Here’s the site: http://www.jubileetimecapsule.org/
Alternatively, you can write angry letters to the BBC for their list of the New Elizabethans, those UK people who have significantly affected the history in those 60 years. Does (approximately) 20% women seem right to you? No women authors, despite Doris Lessing’s Nobel Prize. As I remember, no women visual artists, even though Tracy Emin and Fiona Rae, our contemporaries, are the only women to be professors at the Royal Academy since its founding 350+ years ago.
Perhaps people compiling the list did not keep sufficiently in mind that making very significant changes in the futures possible for women is indeed changing history. Or perhaps this is unfair. You can hear the head of the panel that selected the new Elizabethans, Lord Hall, discuss the process.
One could go on. Sigh.
Congratulations to the Buranovskiye Babushki May 28, 2012
Eurovision’s over all second place winners for 2012!
We noted some months ago that their performances seemed a remarkable combination of women’s traditional crafts and a very modern setting. We might – although reluctantly – see the NY Times as getting at a similar thought:
Eurovision is known for its over-the-top kitsch, but, even by its standards, there was something remarkable about grannies from the central Russian republic of Udmurtia, not far from where the Ural Mountains border on Siberia.
The Babushki, with an average age of 75, finished second over all with a jaunty pop song called “Party for Everybody.”
Wearing head scarves and traditional dresses and coin jewelry, they bounced up and down, waving their arms, smiling mischievously. They performed with a steaming oven as a prop on stage, and, at one point during their stay in Baku, they baked trays of perepechi, a traditional dish of meat and vegetable tartlets that they served to the Eurovision press corps.
And here they are:
On the importance of representation of homosexuality in games October 30, 2011
Or: Why Queer Visibility matters in Games.
This may not mean much to the average straight gamer, but to underrate the importance of the visibility of homosexuality in a video game would be disastrous.
Read the full article by Julie Horup here, the comments are interesting too.
Thanks Brenna Hillier!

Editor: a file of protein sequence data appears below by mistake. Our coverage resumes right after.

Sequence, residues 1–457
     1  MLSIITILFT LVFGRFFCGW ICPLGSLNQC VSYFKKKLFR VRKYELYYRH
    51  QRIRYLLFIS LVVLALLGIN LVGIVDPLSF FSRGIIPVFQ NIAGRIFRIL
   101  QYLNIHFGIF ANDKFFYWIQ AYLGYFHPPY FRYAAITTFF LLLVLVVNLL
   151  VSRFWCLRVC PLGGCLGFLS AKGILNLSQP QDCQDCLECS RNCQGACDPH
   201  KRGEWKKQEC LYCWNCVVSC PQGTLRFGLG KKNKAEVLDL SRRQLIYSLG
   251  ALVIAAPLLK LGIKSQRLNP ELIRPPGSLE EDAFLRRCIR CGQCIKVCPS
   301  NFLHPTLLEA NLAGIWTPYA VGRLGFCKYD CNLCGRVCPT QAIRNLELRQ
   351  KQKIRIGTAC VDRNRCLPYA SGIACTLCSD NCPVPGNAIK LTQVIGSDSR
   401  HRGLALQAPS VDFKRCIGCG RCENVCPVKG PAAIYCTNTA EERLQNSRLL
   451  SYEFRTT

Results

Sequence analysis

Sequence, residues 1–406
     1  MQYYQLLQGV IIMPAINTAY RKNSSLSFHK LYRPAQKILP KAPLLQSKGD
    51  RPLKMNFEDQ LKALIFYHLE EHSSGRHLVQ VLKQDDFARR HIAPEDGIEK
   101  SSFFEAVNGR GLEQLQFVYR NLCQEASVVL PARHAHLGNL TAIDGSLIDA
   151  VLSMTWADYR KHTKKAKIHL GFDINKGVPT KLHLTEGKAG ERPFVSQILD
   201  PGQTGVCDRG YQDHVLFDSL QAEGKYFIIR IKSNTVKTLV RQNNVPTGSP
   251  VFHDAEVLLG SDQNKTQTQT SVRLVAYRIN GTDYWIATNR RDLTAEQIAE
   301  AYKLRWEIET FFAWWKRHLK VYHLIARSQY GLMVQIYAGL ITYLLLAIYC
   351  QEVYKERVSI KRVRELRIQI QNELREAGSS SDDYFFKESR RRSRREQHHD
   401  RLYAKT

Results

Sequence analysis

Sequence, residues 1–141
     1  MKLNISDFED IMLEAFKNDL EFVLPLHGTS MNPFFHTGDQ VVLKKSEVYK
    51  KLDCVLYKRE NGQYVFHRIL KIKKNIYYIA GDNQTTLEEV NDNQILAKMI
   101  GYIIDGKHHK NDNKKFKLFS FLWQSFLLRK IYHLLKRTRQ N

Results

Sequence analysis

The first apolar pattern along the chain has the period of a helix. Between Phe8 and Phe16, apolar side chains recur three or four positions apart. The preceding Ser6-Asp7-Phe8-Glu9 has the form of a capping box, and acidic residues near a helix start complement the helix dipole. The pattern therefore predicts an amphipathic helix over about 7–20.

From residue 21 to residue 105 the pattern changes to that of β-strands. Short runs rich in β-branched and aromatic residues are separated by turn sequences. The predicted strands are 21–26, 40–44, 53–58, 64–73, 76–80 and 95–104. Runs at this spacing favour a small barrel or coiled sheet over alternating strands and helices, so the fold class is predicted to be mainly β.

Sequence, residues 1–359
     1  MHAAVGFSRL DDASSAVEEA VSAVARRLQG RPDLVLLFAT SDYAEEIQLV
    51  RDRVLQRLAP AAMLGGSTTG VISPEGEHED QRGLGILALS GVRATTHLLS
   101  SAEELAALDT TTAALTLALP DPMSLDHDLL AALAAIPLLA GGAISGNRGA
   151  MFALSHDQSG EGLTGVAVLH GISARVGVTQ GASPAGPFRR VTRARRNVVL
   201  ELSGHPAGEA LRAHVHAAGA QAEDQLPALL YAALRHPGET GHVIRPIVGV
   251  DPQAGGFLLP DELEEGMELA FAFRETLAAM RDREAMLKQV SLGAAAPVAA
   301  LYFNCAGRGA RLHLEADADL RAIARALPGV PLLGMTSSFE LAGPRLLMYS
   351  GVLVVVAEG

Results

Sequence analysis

Unknown Woman/great figure in twentieth-century art October 21, 2011
Well, perhaps I am one of the few who hasn’t known of Dorothea Tanning. But I sort of doubt that, and so I’m stunned to read the opening sentences of a review in the New Yorker of Tanning’s new book of poetry. It’s as though we first thought there just weren’t any great women artists; next we find out that there were or are some who remained unknown. Now it seems to be something of a commonplace that a largely unknown women can be one of the outstanding artists of the century. As though there is nothing remarkable about the fact that the name of her husband, Max Ernst, has a very different fame.
I am not sure what sort of poems we expect from a centenarian, but by any measure Dorothea Tanning’s poems come as a surprise. At a hundred and one, Tanning, one of the great figures of twentieth-century art, and a woman of extraordinary personal power and seductiveness (everyone who meets her seems to agree), has just published her second book of poetry, “Coming to That” … Its wry title suggests her unique predicament: she is both ancient and precocious, a veteran and a neophyte, the “oldest living emerging point,” as she calls herself….
What threatens to happen to the brightest lights of any artistic milieu happened to tanning; she became a sole survivor. Tanning is the oldest living Surrealist, a tag she dislikes (since she made art for decades after surrealism’s heyday)… (My stress.)
Among other things, her poems employ metaphors that related to women’s experience; thus, she thinks of herself as a young artist as having “enough to hold/enfolfrf as in a pregnancy,/those not-yet-painted works.”
In this video of her paintings, she is the young women with the monkey sitting before her: